Perhaps you could be a little more specific on what help you require. Software? Electronics ? Do you have any C/C++ programming experence? So where are you starting from?

Lefty

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To be honest, I have no experience in the electronics aspect of it. I have little experience in C# with none in the other iterations of C. I currently am working on understanding the hardware aspects of Arduino, but again, this is very sudden, as in today, and so I'm attempting to scrabble with little to no experience in any category.
I'm supposed to simply be there to set up a Linux machine and an aquaponics garden nearby and suddenly got saddled with automating it too.

EDIT: Again I am sorry to be so very green on the subject, and I do wish I could cause a few less facepalms than I believe I am right now. But this is new ground for me.
« Last Edit: July 10, 2011, 10:42:02 pm by TheNewGuy » Logged

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Activate an Archimedes-Screw every 4 hours (Basically just need to make a servo turn 30* every 4 hours.)

A continuous rotation servo isn't capable of precise rotation. You'll need either a stepper motor or a DC motor with an encoder (pololu.com sells inexpensive ones).

Most of your "turn on lights/pump/etc." problems are solved with a relay board. Just stay within the current ratings.

If you have any talent in scripting languages you can interface with the Arduino via the serial port and handle most of your logic from your scripts. This of course leads to handy web-based interfaces and such.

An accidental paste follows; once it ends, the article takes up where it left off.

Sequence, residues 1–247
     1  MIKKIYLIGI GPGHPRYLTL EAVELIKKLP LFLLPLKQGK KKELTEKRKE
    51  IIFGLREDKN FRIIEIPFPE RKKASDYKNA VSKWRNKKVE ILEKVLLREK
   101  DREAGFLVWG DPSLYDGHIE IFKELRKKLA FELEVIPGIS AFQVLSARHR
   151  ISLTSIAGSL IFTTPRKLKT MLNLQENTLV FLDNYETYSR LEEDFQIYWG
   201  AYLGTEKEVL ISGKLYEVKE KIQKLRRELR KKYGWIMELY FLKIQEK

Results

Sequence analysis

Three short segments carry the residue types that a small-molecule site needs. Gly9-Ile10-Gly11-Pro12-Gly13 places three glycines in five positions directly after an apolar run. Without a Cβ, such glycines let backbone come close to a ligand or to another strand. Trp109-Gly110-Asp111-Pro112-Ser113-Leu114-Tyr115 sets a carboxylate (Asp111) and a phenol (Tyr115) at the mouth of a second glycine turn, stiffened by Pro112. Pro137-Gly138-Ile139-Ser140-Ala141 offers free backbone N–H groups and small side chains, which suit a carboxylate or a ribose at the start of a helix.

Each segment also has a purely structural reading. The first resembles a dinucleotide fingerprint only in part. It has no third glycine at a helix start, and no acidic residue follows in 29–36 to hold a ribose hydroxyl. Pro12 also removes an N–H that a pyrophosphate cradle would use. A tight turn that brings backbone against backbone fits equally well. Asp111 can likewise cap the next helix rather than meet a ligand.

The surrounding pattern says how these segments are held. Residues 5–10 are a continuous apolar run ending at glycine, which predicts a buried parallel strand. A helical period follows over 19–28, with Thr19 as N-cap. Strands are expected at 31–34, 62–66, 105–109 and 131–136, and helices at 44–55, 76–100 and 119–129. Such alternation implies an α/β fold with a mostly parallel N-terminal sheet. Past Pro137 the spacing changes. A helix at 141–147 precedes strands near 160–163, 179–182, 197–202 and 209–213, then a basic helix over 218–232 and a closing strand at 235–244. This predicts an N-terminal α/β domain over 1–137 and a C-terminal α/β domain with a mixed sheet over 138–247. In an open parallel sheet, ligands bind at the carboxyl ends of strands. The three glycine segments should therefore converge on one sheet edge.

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Thank you VERY much for that information, that thins down my search perimeters and tells me where I need to aim my sights at.

So a stepper motor, and relay board? Are there any other hardware requirements?
Remember I need this to also be able to report if the pump is inactive, or if there is overflow, all to a PC which will be connected to the system; any suggestions will be very much appreciated.

EDIT: In all reality, I don't need precision turning, just need it to spin the Archimedes screw for a second or so slowly.
EDIT 2: Once more, thank all of you for the help. Any information is better than none, and with this deadline I am happy to have people who know more than I on this subject.
« Last Edit: July 11, 2011, 12:02:05 am by TheNewGuy » Logged

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active communications could be held with people whom have experience on the subject

On what? Growing pot? Do a search for hyponics.
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active communications could be held with people whom have experience on the subject

On what? Growing pot? Do a search for hyponics.

Though I do support the marijuana legalization effort, I am not attempting to grow it, this is actually for a self sustaining home setup, which will be using a 500gal. tank to hold edible fish, and 2 300gal. growbeds located nearby a vertical growing system.
This system is also using aquaponics, not hydroponics. I am experienced in the field of garden growth and self maintaining systems, but I am not experienced in technical automation.
Thank you for your time.
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ON a side note:

If anyone happens to have any more information or interest in helping to automatize the system, please feel free to message me or leave a comment.
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If anyone happens to have any more information or interest in helping to automatize the system